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IDB reevaluates long-term goals

An internal IDB working group has proposed a general performance review as part of a strategy to strengthen the institution’s programs and operations in the years ahead.
The proposed review would examine the Bank’s mandates and objectives and assess the adequacy of its resources in relation to increasing financial commitments, a changing world and regional conditions, and new challenges of the next century. Among these new challenges are the need to reduce poverty and inequality and modernize the state.

The Working Group for Institutional Strategy, composed of senior IDB officials and members of the IDB‘s Board of Executive Directors, recommended that Bank management prepare an action plan to carry out the proposed strategy to improve the institution’s effectiveness. The action plan would include a “prioritized set of initiatives, objectives, and anticipated results that would guide the Bank over the next few years.”

The strategy report of the working group, which has been approved by the Bank’s Board of Executive Directors, will be presented to the Board of Governors, the highest authority of the Bank composed of finance ministers, economy ministers and central bank presidents of the institution’s 46 member countries.

Among other proposals, the working group recommended that the IDB improve its evaluation and oversight mechanisms, mobilize and consolidate greater resources for technical cooperation, both for national and regional projects, and prepare a human resources strategy.

“The environment within which the IDB will function in the next few years will be characterized by increased public attention to the problems of poverty and inequality,” stated the working group report. Its authors also said the Bank will be affected by the “stronger role of private capital in financing investment in the region, a diversification of its client base, a broader and deeper institutional scrutiny and pressing social needs that will not be satisfied by pure market processes or private funding.”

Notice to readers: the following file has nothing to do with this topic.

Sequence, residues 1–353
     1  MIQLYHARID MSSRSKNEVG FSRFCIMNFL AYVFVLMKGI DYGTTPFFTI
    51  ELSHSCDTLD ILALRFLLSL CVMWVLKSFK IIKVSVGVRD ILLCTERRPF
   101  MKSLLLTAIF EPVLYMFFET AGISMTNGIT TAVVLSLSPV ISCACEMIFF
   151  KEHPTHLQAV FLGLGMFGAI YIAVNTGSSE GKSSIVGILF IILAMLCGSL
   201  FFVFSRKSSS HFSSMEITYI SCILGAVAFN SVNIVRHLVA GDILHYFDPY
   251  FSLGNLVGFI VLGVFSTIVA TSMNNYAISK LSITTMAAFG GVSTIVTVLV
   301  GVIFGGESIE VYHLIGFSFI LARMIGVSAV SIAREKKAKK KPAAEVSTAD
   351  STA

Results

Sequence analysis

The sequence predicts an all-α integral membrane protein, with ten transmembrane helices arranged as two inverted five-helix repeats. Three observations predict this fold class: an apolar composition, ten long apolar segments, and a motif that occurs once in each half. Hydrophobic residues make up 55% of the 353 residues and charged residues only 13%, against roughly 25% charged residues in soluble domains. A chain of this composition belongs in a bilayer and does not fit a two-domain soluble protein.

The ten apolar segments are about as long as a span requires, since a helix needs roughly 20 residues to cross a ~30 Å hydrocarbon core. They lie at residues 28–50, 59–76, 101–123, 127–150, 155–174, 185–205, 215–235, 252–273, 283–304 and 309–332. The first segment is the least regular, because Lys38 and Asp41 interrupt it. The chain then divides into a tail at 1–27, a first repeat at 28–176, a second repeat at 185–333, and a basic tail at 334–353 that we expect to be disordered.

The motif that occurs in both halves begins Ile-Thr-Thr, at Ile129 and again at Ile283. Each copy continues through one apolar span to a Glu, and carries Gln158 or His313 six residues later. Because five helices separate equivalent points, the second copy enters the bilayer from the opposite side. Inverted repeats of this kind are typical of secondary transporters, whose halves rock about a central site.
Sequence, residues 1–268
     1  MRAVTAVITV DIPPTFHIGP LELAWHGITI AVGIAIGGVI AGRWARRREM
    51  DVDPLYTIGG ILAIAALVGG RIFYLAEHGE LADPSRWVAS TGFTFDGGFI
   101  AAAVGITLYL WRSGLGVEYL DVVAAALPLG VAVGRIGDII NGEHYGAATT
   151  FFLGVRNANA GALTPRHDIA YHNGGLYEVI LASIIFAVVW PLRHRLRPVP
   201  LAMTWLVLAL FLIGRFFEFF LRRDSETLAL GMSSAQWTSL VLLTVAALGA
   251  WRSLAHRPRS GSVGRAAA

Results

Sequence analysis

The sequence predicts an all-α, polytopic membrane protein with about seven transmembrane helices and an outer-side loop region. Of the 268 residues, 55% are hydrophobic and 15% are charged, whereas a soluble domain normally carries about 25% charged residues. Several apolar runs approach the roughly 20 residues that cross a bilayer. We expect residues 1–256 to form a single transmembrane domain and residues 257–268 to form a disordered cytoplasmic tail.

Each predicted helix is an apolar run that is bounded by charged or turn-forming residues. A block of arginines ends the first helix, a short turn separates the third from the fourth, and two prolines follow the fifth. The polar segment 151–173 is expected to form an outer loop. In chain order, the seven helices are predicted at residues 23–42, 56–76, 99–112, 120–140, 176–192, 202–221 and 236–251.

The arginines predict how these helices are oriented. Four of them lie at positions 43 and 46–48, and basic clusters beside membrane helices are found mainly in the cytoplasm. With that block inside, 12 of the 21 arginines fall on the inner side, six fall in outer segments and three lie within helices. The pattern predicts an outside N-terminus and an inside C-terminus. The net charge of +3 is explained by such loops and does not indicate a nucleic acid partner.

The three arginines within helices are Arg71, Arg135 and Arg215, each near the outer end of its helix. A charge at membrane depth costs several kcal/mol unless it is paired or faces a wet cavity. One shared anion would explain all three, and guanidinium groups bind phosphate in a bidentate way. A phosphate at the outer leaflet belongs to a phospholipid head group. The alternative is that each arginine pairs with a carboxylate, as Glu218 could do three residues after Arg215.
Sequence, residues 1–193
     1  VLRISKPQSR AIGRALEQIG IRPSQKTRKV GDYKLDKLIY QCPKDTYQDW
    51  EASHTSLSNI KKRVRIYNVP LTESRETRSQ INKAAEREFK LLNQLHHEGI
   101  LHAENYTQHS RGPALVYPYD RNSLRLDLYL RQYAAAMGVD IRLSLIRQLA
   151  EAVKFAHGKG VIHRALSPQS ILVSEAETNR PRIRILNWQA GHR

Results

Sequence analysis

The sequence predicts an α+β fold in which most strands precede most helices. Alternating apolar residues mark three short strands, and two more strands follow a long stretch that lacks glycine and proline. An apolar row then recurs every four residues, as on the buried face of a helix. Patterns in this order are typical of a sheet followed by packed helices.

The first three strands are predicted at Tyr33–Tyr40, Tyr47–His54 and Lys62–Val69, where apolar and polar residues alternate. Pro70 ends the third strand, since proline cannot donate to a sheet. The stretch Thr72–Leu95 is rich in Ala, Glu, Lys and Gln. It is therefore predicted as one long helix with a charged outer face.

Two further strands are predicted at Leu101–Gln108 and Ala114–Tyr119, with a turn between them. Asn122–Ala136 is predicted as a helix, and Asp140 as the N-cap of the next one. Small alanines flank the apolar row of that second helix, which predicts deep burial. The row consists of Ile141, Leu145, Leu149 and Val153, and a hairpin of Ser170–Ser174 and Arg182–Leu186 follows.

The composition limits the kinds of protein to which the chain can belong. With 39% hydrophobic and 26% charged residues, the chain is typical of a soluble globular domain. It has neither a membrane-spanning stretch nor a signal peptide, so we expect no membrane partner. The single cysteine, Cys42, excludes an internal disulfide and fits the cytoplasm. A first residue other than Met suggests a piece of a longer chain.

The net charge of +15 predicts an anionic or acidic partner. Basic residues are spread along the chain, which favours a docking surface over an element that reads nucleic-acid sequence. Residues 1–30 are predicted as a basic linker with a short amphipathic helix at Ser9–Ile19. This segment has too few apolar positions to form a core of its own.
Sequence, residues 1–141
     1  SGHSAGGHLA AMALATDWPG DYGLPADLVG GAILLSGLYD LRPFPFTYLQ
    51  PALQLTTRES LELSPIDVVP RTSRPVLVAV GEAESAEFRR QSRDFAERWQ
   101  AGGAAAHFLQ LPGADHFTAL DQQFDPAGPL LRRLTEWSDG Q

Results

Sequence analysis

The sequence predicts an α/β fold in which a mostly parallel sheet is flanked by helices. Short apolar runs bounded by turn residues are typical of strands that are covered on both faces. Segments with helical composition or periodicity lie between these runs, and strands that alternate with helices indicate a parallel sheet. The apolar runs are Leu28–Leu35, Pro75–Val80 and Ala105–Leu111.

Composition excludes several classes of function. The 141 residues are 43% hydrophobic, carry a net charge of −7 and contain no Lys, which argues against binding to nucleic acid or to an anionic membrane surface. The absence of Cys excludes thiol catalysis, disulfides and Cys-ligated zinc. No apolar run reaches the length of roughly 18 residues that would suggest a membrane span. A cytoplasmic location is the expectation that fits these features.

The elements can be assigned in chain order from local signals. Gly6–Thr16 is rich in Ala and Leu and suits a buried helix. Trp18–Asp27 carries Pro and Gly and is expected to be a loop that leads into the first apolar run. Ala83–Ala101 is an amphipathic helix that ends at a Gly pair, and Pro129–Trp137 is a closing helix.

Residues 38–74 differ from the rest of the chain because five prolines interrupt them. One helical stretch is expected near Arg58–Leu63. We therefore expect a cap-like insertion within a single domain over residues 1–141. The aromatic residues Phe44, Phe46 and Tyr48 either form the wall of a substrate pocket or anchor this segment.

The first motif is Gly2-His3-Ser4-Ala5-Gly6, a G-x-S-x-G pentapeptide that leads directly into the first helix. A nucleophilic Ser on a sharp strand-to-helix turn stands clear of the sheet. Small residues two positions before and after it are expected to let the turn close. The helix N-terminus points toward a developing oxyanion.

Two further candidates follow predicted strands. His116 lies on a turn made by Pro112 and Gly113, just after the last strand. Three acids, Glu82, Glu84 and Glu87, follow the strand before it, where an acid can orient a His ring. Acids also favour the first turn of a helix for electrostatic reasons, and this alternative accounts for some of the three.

The report noted the growing importance of the involvement of civil society and local government in Bank activities. Among the trends that will require changes at the IDB, the working group said, are “increased volatility in the availability of private capital as a source of external finance to the region; acceleration of the pace of technological change” and “emergent demands for highly complex work in the areas of social sector reform and state modernization.”


Carlos Barbery was named the IDB’s representative in Guatemala. Formerly country coordinator for Argentina in the Bank’s Regional Operations Department 1, Barbery succeeds Iliana Waleska Pastor, who retired to take a senior position with her country’s government.

Frank Maresca, formerly the IDB’s representative in Trinidad and Tobago, has been appointed to the same charge in the Bahamas. He succeeds Hugo Souza, who has been named special advisor to the Bank’s new Regional Operations Support Office.

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